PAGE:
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Revision of Criminal Procedure Act leaves loophole in court

Revision of Criminal Procedure Act leaves loophole in court

Posted September. 22, 2023 08:20,   

Updated September. 22, 2023 08:20


On December 20, 2010, at the Seoul Central District Court, Criminal Agreement Division 22, the first trial of Han Myeong-suk, former Prime Minister of South Korea, who was indicted on charges of receiving illegal political funds amounting to 900 million won from Han Man-ho, the head of a construction company, took place. At the time, I was a member of the legal reporting team and covered the first trial of former Prime Minister Han at the courthouse.

During the second trial held on this day, Han, the head of the construction company, reversed his earlier statement made during the prosecution's investigation, stating, "I have never provided any political funds to former Prime Minister Han."

The courtroom was thrown into chaos. Sighs erupted from supporters of former Prime Minister Han, and Kim, who was also prosecuted alongside former Prime Minister Han as an associate, fainted and was taken away in an ambulance. After the presiding judge struck his gavel several times, the courtroom finally returned to order.

Former Prime Minister Han's defense attorney questioned, "Why did you change your statement after eight months?" Han replied with emotion, "Because of my false statement, the person I respected, former Prime Minister Han, lost the Seoul mayoral election and was even indicted. I felt so guilty that I even considered ending my own life, but I couldn't bear the thought of her carrying the stigma. So, I waited for this day."

In the first trial, former Prime Minister Han was acquitted. However, the prosecution argued in court that Han's "testimony in court" did not align with the facts as presented in the "prosecution's statement" and charged Han with perjury. Despite Han's change of testimony, the appellate court ultimately ruled, "Even if Han's testimony changed, other evidence still supports the charges." As a result, former Prime Minister Han was sentenced to two years in prison, and the Supreme Court upheld the initial ruling.

Thirteen years later, a similar yet different scenario is unfolding in the trial related to the alleged payments to North Korea by former Gyeonggi Province Vice Governor Lee Hwa-young. Lee had initially stated during the prosecution's investigation that he had reported the payments to the leader of the Democratic Party, Lee Jae-myung, but recently, in a statement submitted to the court, he reversed his position, saying, "I made some false statements under continuous pressure from the prosecution. I never reported anything to Lee."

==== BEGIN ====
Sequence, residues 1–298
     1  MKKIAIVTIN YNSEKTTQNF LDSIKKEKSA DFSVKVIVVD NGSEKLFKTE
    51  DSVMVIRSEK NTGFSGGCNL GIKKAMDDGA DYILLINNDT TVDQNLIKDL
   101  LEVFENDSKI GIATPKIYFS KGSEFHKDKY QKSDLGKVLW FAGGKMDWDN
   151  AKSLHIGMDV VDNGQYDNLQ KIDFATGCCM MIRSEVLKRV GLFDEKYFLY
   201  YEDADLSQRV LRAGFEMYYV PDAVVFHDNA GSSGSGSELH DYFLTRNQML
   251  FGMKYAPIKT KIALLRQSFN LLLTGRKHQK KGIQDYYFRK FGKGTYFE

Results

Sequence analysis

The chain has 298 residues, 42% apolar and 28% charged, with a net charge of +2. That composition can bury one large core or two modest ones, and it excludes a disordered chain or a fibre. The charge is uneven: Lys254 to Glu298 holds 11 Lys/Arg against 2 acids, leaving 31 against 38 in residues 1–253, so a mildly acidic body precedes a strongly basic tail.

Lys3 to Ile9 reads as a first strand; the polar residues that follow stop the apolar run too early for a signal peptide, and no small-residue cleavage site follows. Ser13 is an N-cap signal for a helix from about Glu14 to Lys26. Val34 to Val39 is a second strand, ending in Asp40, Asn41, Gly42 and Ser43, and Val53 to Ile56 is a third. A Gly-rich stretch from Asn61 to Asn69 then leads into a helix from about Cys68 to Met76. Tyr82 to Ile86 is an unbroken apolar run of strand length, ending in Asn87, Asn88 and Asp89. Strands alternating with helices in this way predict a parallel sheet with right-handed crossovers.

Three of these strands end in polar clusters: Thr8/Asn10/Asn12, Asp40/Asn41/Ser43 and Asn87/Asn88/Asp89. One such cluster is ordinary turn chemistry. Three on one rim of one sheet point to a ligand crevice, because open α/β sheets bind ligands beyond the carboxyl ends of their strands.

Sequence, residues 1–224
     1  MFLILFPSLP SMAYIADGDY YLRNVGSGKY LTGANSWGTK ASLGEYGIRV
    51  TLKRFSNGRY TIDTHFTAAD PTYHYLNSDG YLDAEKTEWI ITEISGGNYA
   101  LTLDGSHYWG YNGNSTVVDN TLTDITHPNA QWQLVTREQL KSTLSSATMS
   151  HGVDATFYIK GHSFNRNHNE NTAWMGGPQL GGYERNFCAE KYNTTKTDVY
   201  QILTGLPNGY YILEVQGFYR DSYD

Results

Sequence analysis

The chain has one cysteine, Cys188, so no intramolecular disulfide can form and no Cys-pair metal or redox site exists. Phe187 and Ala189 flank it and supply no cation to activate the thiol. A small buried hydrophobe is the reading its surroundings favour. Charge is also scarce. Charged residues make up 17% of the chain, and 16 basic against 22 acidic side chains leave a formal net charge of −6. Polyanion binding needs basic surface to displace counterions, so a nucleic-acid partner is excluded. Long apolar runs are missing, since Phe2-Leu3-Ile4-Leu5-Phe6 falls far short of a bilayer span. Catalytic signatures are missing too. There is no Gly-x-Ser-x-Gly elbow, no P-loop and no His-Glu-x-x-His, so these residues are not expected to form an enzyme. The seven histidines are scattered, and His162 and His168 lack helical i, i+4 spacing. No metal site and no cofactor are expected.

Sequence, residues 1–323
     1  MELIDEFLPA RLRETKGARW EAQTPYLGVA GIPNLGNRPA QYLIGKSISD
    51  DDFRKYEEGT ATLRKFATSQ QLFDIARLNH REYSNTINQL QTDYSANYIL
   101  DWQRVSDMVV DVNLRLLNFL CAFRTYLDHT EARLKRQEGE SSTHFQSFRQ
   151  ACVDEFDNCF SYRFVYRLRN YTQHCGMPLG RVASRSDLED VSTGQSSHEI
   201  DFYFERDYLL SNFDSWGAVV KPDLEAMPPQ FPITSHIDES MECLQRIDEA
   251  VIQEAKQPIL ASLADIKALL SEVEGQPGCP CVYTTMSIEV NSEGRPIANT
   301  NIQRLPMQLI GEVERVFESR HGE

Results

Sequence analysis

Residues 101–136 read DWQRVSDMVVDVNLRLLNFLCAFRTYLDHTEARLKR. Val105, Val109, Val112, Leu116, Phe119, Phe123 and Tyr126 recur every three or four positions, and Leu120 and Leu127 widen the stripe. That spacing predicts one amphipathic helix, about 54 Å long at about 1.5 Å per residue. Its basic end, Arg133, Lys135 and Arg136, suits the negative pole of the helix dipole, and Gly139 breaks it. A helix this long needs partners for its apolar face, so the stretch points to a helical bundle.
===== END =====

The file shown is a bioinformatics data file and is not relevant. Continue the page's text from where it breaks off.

If Lee maintains his reversed testimony, the prosecution's statement becomes a mere scrap of paper. In the past, even if the defendant denied the prosecution's statement during the trial, it could still be accepted as evidence if certain legal requirements were met. However, with the amendment to the Criminal Procedure Act in January of last year, the statement can only be admitted as evidence if the defendant acknowledges it during the trial. The prosecution claims that the defendant's team attempted to manipulate the statement to neutralize it and hinder investigations against Lee Jae-myung, constituting "obstruction of justice."

The trial related to the payments to North Korea, which had already been delayed for over a month due to conflicts with Lee's counsel and issues surrounding the appointment of defense attorneys, is now back to square one due to the reversal of testimony and concerns of obstruction of justice. It has been six months since Lee was indicted for violating the Foreign Exchange Transactions Act with no progress in the investigation. The intention to prioritize court testimonies and implement a trial-centric approach is commendable; however, if prosecutorial interrogations result in the loss of evidentiary value so easily, trials could become endlessly protracted, and the timely revelation of the substantive truth could be delayed. As the system has been in effect for two years now, it is high time for the National Assembly and the government to come together and consider potential institutional improvements.